I would have panicked moments. The thought, “Holy shit, did I cut off my breasts?” would often hit my mind like a ton of bricks. Every now and again someone would send me an article about how they are going to cure cancer and it would make me mad. Go figure, I would think, they are going to cure cancer after all I just went through. (Please note—I know this isn’t a logical thought and to be clear, I would be beyond exuberant for a cancer cure.)
When chemo was over, there were days that I would feel moments of joy, followed by days where I would shut my phone off and cry in bed for hours. It’s hard for me to admit that, but it’s also important for me to be honest about the process. It’s important for me to be honest because this was the reality. It might not be everyone’s reality, but it was, and some days still is, mine. It’s the part no one tells you about.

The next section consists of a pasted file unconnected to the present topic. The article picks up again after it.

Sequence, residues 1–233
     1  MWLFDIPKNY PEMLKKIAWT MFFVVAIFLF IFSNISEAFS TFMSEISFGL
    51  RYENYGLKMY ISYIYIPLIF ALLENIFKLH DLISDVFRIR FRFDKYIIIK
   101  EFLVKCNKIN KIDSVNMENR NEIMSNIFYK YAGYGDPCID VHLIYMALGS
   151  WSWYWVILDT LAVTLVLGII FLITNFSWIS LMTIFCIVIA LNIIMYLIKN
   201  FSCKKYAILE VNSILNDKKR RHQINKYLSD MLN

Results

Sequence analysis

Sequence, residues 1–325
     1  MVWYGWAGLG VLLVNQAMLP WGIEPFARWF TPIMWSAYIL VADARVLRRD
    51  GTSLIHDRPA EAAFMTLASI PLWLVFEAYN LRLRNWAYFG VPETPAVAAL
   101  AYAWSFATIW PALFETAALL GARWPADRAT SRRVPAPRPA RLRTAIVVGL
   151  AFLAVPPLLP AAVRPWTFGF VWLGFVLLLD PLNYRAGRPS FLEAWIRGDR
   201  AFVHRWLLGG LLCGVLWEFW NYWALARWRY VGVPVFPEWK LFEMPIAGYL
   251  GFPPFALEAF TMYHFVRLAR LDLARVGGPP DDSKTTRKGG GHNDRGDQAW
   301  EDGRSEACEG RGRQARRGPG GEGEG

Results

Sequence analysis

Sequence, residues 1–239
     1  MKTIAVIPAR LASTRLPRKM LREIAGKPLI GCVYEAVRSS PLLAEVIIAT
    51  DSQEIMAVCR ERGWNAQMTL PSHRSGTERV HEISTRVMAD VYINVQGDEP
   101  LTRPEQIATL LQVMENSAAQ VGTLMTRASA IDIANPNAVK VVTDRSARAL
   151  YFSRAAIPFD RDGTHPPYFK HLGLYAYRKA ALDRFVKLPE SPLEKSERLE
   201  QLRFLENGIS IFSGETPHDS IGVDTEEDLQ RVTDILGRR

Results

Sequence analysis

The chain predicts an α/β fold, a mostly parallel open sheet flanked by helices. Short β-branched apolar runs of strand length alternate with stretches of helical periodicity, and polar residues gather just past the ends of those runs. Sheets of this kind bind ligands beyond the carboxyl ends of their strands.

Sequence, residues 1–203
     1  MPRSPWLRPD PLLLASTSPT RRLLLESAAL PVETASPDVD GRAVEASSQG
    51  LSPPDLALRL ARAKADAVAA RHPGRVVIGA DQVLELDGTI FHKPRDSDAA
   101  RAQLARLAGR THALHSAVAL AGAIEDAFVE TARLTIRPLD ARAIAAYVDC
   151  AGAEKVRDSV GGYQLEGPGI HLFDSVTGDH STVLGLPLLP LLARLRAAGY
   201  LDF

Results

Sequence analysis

It’s hard for me to admit the darkness because as a survivor, so often I’m told, “You should be happy you are alive,” and “You’re a warrior, an inspiration, you are strong!” I am all of those things. But let’s face it. I’ve been through hell, which sometimes makes doing and being those things more difficult than you can imagine.
Cancer has taught me this invaluable lesson: There is a huge difference between BEING alive and FEELING alive. Being alive is great, but can feel empty and lonely. For the last eight months I have been consumed with my health. Joy has often been replaced with pain. Now that I am moving past the pain, finding what makes me feel alive again is part of my emotional reconstruction.